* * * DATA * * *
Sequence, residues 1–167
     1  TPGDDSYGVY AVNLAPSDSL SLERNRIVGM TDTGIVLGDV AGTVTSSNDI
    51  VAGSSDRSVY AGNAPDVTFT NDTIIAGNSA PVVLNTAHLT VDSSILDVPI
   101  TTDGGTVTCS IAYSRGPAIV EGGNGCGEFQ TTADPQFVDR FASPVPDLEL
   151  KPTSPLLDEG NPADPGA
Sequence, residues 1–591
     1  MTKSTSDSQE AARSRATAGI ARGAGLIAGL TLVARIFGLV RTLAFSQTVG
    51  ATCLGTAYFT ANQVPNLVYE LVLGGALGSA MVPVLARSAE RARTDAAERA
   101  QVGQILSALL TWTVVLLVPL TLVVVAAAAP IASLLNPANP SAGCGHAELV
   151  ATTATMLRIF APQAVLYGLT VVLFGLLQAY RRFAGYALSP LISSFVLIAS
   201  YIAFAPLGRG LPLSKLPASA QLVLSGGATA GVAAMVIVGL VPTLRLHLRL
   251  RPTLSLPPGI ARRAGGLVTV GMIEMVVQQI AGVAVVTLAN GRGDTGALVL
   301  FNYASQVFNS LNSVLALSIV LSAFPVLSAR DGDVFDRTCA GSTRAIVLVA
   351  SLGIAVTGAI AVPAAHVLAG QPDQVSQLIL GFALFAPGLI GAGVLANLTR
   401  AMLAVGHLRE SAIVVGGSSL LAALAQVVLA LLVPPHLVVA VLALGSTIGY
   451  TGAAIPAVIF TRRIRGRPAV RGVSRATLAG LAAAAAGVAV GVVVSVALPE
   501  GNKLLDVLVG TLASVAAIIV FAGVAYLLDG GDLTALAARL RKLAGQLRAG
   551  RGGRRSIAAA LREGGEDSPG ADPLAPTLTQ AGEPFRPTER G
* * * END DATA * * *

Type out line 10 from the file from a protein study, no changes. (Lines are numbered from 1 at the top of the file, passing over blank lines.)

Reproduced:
   151  ATTATMLRIF APQAVLYGLT VVLFGLLQAY RRFAGYALSP LISSFVLIAS